In recent years, the cannabis laws in Mexico have undergone significant changes as the country moves towards a more permissive approach to cannabis use and regulation.
In 2021, Mexico passed a historic law that legalized the possession, cultivation, and use of small amounts of cannabis for personal use. This means that individuals in Mexico are now allowed to possess up to 28 grams of cannabis, as well as grow up to six plants for personal consumption. The possession and use of small amounts of cannabis is now considered a “personal dose” and is not subject to criminal penalties.
However, it is important to note that the sale and distribution of cannabis remains illegal in Mexico, except for certain medical and scientific purposes. The government has established a regulatory framework for the production, importation, and distribution of medical cannabis, and has granted licenses to a number of companies to cultivate and sell medical cannabis products. These products can only be sold to individuals with a medical prescription and are subject to strict quality controls.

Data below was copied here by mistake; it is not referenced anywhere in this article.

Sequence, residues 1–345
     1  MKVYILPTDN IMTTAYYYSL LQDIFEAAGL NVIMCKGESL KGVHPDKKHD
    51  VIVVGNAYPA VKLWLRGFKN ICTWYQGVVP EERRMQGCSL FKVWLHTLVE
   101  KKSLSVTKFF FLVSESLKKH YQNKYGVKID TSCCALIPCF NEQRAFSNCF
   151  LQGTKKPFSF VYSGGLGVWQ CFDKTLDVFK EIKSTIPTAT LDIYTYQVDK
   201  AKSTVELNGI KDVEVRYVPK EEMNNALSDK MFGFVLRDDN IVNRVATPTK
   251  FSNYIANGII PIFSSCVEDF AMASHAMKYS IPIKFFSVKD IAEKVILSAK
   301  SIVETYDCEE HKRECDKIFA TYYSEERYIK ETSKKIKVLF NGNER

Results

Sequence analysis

While the possession and use of small amounts of cannabis is now legal in Mexico, the production and sale of the drug for other purposes remains a criminal offense. It is also worth noting that while individuals are allowed to possess and use small amounts of cannabis, it is still possible to be arrested and charged with a crime if an individual is found to be in possession of larger amounts of the drug.
Mexico’s cannabis laws are still in the process of being fully implemented, and it is likely that there will be further developments in the coming years. However, it is clear that the country is moving towards a more liberal approach to cannabis regulation and is taking steps to legalize and regulate the drug for medical and personal use.
It is worth noting that Mexico is not the only country in Latin America to legalize cannabis for personal use. In recent years, several other countries in the region have also passed laws allowing for the possession and use of small amounts of cannabis for personal use, including Uruguay and several states in the United States. It is likely that we will see more countries in the region following suit in the coming years as attitudes towards cannabis continue to shift and evolve.